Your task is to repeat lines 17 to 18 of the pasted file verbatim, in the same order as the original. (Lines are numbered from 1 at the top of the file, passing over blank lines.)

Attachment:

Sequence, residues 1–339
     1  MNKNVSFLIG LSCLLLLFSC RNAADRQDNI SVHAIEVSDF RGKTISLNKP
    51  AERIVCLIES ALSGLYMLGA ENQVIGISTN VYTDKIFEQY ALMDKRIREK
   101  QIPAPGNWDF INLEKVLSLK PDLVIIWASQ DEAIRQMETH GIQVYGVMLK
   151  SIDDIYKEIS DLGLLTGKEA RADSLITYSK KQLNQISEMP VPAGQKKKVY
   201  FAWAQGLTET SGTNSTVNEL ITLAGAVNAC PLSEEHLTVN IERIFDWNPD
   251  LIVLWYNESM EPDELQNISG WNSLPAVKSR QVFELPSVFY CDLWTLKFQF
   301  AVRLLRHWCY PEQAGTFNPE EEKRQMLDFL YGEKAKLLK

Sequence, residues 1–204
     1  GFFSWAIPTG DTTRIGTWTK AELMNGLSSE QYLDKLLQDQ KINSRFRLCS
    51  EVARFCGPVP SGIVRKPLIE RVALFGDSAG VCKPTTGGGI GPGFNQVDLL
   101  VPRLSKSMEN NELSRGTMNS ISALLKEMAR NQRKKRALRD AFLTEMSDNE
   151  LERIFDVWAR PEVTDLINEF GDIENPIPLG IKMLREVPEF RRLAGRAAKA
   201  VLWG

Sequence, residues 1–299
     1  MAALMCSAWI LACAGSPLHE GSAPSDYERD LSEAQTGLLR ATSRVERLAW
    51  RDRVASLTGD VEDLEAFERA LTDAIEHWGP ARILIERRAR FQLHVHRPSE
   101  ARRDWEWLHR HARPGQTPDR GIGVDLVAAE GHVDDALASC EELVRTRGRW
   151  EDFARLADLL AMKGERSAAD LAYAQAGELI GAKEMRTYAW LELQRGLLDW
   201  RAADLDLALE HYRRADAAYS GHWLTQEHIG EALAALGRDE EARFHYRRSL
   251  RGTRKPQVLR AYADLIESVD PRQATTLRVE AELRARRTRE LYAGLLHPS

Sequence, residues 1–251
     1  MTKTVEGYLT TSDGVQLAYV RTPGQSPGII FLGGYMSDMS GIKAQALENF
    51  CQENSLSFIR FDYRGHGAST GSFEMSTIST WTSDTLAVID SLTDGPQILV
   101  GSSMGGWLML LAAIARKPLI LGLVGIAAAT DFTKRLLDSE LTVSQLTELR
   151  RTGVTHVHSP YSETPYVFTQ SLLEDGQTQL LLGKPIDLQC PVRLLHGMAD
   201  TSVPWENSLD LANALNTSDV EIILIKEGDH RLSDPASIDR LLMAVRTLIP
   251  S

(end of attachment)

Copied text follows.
    51  RDRVASLTGD VEDLEAFERA LTDAIEHWGP ARILIERRAR FQLHVHRPSE
   101  ARRDWEWLHR HARPGQTPDR GIGVDLVAAE GHVDDALASC EELVRTRGRW